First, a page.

Series finales are hard to pull off, especially when it comes to extremely popular shows. Millions of people watching it and a million different people with different sensibilities and desires breaking it down. Imagine sitting in a writer’s room downing endless cups of coffee and trying to please every fan. After all, they are the ones who helped keep your show afloat and allowed you to stick around for so long. Every big series finale will be measured against or next to the final moment of The Sopranos. The fade to black stoner with a side of Journey tossed in for a special kick. While I didn’t mind that finale, I can advise other routes to go when signing off. Breaking Bad went out perfectly, tying up loose ends, never touching sentimentality and giving Walter White a solid goodbye that didn’t feel anticlimatic. The Wire on HBO crammed a ton of goodness into its final hour, and ended with a classy journalism do the right thing note. I can only imagine the stakes when Walking Dead or Greys Anatomy goes off because their fanbases are large and passionate.
Sunday night, Mad Men presented its final pitch to audiences and took the unfamiliar route to end it all. They decided to sprinkle happiness on their inhabitants, allowing characters put through the trenches to come out with a sunny side up future. Let’s review a few things as that meditating Don and Coke ad ending sink in.
Don Draper stayed at the Hippie retreat camp. He bonded with a fellow cursed storyteller and found himself in a happy spot, as we can see from that sly little grin before the fade away. Draper did a lot of nasty things in his life and hates himself for it so he was never going to ride into town saving the day and running off with the girl. He did that several times over the past seven seasons and it all failed. Go back to who Draper was before. A cursed soldier stealing dog tags and running away. He drank himself into a stupor and nearly lost his job several times. So when McCann presented him with a golden ticket, of course he had to run away.
That’s not Don. If he is going to be happy, it won’t be in an office taking naps, sipping scotch and banging out a last minute day saving pitch for a shaving cream or soda advertisement. He hit the road in the show’s final weeks and hit all the places needed. He got roughed up by war vets, tracked down old acquaintances and found himself in the least likely Draper location. A peaceful tranquility meditation hub with a bunch of inner demon burning folks. I liked where Don got left because it was very Mad Men seasoned. It was when Draper needed to be. He hasn’t tried this kind of peace before and hasn’t slept right in a while. Many TV critics suggested Draper cooked up that Coke commercial during that meditation period, right where the “ooommhhhh” turns into a wicked little smile and the screen switches to the real life Coke commercial. Maybe that’s how it turned out. Maybe not. Sure, he may eventually come back home and be with his kids and return to advertising, but I’d like to think Draper is still out there searching for his soul or trying to be make use of what’s left of it. People forget this world won’t end. Next year, somewhere in Weiner’s head, these characters will be still running around. For now, Draper needed this. While I love wizard salesman Don a lot, soul searching Don was getting tiring so I’ll settle for content Don.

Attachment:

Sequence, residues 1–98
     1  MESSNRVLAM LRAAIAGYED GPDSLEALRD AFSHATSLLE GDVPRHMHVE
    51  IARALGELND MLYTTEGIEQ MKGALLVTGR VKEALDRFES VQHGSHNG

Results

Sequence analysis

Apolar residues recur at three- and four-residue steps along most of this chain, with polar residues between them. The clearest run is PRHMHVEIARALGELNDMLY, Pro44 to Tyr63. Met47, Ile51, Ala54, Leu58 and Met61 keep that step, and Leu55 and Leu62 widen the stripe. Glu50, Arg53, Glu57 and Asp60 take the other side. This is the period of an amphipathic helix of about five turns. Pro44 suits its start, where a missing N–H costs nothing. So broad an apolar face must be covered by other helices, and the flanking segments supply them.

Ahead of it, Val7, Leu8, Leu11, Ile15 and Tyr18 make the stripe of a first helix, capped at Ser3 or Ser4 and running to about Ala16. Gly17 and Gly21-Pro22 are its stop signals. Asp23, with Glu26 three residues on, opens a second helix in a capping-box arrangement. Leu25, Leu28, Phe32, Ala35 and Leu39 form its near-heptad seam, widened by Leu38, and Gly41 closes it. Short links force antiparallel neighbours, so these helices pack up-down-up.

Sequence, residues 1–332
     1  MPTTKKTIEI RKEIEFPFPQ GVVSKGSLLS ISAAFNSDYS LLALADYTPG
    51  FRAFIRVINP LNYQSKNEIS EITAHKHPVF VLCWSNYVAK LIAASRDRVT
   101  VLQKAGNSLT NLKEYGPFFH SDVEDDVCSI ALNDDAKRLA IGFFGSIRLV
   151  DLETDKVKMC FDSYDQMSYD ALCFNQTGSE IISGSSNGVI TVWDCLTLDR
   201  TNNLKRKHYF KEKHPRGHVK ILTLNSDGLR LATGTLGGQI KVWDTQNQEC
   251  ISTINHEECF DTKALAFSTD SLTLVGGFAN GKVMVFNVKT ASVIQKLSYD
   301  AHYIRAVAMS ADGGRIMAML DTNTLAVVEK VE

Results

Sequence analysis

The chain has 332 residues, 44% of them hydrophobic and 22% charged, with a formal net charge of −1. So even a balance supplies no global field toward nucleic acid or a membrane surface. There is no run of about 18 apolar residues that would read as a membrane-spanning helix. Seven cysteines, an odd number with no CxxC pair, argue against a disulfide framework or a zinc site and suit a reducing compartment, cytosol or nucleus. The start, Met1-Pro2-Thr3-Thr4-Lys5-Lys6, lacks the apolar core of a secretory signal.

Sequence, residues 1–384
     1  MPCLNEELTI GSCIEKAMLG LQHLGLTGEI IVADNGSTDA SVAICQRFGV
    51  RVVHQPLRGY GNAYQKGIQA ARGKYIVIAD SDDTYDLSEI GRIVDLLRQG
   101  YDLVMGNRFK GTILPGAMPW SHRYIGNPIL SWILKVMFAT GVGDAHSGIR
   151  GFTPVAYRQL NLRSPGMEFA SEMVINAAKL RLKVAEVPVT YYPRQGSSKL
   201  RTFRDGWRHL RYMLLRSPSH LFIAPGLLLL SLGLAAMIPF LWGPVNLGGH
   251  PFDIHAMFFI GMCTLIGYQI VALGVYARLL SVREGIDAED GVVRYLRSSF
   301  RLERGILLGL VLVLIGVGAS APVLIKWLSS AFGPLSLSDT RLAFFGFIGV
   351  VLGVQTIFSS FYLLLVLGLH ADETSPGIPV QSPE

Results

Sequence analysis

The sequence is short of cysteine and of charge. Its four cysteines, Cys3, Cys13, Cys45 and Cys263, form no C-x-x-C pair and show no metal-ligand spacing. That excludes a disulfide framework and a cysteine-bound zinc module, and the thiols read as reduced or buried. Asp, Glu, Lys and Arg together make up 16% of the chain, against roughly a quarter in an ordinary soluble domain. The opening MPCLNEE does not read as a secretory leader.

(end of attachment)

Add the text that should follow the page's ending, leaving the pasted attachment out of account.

Jon Hamm deserves an Emmy for his work. The only reason he doesn’t own six of them is due to the understated style of his performance. He doesn’t cry a lot and doesn’t overwork scenes. He rolls with the punches of the script and always seems spin the right note on a make or break episode. Instead of overacting, he underplays it. It’s subtle instead of monstrous. This isn’t Deadwood and he isn’t Al Swearengen. Whenever Draper got really mad, it was starling and that’s due to the laid back yet powerful approach Draper took all these years. He was great and should settle into a fine post Mad men acting career.
Betty did get fatal cancer but is going out on her own terms. She kept Don at bay and didn’t want a pity party. She is last seen smoking a cigarette with her daughter doing dishes. While she was once the most hated character on television, January Jones played a healthy hand in resurrecting this character from the dead of bitter women. She got remarried, lost weight, went to school, lived her life and stared down a disease in the face and said bring it on. Good for her.